from Wyandotte District Court; R. Wayne Lampson, judge.
E. Wells, of Jerry Wells Attorney-at-Law, of Lawrence, was on
the brief for appellant.
A. Gorman, district attorney, and Derek Schmidt, attorney
general, were on the brief for appellee.
denial of parole is not a sentence.
Lee Buford appeals the district court's summary dismissal
of his motion to correct an illegal sentence. Concluding that
Buford's sentence was not illegal, we affirm.
and Procedural Background
March 6, 1990, Buford pled guilty to felony murder. The
district court sentenced Buford on April 25, 1990, to life
imprisonment pursuant to K.S.A. 21-4501(a) (Ensley 1988).
claims that since his imprisonment, he has appeared before
the parole board on six different occasions and that the
parole board "passed" him for a number of months
each time. Buford contends that the most recent denial
occurred in 2014.
November 21, 2014, Buford filed a pro se motion to correct an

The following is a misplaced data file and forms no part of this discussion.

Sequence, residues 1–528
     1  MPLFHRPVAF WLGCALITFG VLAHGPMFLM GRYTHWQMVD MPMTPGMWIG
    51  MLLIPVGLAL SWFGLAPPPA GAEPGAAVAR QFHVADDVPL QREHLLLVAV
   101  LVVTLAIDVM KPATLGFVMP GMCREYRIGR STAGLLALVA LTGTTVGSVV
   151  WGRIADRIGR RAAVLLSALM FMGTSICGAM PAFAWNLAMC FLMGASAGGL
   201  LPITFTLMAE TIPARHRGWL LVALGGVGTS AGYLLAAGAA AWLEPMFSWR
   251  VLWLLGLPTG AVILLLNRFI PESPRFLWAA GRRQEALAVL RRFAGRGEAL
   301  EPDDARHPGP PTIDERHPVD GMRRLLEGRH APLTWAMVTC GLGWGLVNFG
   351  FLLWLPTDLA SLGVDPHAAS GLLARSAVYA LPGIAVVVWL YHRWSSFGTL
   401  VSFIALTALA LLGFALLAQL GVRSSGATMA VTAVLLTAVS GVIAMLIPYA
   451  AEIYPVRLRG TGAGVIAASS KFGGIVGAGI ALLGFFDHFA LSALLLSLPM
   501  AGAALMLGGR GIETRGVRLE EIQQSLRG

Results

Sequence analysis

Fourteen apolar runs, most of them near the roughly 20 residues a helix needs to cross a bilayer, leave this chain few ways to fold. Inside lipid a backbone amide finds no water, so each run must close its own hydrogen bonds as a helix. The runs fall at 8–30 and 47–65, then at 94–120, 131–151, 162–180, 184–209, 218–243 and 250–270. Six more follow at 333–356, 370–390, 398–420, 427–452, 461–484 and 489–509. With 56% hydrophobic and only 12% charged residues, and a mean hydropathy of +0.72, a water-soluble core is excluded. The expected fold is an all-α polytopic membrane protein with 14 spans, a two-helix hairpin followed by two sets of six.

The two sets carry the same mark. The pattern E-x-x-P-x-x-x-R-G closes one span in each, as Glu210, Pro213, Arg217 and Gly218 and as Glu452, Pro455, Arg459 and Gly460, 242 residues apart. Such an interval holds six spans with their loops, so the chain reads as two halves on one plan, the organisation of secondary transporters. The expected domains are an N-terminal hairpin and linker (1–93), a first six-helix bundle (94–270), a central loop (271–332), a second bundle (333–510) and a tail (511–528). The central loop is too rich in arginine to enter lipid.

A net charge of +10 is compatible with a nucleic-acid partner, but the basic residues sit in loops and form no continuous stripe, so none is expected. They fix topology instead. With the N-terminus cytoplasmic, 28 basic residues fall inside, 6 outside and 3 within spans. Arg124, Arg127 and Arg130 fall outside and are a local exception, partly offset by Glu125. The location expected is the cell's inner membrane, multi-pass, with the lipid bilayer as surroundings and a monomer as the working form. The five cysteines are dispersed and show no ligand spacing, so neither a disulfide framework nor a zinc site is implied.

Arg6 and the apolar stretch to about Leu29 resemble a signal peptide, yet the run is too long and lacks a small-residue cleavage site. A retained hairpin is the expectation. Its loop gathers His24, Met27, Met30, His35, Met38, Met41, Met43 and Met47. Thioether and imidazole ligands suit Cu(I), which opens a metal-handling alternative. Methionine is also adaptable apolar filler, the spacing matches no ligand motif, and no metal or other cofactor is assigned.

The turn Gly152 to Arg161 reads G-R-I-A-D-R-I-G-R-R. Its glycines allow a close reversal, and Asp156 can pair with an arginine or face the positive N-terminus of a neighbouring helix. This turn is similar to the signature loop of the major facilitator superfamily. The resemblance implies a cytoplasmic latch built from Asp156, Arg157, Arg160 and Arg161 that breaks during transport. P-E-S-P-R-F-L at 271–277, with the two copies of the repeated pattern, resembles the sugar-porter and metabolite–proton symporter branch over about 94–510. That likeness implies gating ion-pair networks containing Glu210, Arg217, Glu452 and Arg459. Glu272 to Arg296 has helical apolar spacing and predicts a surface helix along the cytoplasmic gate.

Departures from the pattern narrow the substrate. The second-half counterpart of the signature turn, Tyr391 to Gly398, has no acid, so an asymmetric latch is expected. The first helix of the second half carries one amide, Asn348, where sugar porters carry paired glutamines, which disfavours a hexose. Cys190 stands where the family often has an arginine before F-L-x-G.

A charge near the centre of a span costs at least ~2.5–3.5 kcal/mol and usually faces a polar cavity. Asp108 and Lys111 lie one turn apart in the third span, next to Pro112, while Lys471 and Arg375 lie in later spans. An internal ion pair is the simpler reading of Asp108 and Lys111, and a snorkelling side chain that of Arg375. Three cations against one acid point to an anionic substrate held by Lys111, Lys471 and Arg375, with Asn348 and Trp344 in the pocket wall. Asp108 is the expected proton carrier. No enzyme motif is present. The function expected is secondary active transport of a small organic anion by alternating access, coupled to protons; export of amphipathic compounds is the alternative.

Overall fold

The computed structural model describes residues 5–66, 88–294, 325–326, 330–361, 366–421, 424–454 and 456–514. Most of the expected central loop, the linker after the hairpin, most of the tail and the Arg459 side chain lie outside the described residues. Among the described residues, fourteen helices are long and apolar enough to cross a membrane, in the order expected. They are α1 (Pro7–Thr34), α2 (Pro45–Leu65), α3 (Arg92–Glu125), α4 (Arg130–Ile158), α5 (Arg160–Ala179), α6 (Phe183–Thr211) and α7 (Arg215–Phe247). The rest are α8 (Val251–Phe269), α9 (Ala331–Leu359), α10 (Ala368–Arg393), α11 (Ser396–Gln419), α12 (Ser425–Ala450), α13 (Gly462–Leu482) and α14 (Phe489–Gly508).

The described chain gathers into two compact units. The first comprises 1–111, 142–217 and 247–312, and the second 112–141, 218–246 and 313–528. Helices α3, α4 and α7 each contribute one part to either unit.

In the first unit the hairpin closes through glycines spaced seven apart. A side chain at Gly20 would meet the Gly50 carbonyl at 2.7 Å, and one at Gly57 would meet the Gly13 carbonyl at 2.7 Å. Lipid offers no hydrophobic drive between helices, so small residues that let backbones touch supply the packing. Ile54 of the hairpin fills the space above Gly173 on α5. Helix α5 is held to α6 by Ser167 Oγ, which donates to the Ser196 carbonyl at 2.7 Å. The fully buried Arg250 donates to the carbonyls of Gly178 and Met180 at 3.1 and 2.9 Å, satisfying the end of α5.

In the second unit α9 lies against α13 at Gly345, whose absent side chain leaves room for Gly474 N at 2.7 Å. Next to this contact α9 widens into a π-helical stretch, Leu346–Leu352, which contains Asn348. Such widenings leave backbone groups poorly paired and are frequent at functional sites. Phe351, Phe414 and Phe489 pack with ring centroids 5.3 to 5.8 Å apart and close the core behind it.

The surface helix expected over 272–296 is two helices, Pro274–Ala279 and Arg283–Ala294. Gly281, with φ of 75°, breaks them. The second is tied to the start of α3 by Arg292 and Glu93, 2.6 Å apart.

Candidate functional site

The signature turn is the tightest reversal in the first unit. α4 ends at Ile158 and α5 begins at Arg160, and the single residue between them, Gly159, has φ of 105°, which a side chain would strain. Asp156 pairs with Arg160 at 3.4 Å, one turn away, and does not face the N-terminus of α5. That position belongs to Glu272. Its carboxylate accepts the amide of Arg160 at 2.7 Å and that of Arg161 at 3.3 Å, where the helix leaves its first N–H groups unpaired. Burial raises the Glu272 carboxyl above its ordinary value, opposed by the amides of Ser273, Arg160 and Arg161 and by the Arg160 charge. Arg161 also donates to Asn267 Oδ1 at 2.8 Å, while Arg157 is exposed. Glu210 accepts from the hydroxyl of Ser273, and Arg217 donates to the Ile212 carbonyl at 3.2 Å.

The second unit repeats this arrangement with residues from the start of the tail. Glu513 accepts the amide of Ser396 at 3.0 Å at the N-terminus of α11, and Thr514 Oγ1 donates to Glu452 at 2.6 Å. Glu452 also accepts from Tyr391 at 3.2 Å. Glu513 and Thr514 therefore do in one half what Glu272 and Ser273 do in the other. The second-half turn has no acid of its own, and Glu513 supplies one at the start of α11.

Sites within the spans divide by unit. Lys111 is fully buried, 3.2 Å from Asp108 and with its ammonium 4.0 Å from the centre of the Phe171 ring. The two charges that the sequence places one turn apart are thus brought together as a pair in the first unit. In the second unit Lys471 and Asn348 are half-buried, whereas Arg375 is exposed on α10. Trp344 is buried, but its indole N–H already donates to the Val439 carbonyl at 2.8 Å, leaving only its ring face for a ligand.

illegal sentence, arguing that each time the parole board
passed him, it instituted a new and illegal sentence. The
district court summarily denied his motion, stating that
Buford received the proper sentence when the court sentenced
him to life imprisonment and therefore his sentence was not
illegal. Buford appealed to this court.
does not argue that his life sentence is illegal. He argues
that the parole board instituted a new sentence each time it
denied his parole and that these "sentences" are
illegal under K.S.A. 22-3504. Buford appears to allege that
the "sentences" are illegal because they increase
his original penalty based on an improper classification of
his criminal history, which is a violation of his Sixth
Amendment rights under Descamps v. United States,
570 U.S. 254, 133 S.Ct. 2276, 186 L.Ed.2d 438 (2013), and
State v. Dickey, 301 Kan. 1018, 350 P.3d 1054
(2015). More specifically, Buford's motion contends that
the parole board denied his parole based on its
classification of his criminal history according to the
Kansas Sentencing Guidelines. Because he committed his prior
crime before 1993, Buford argues that the parole board should
have classified this conviction as a nonperson felony.
review the district court's summary denial of a motion to
correct an illegal sentence de novo because we have the same
access to the motions, records, and files. We must determine
whether the documents conclusively show the defendant is not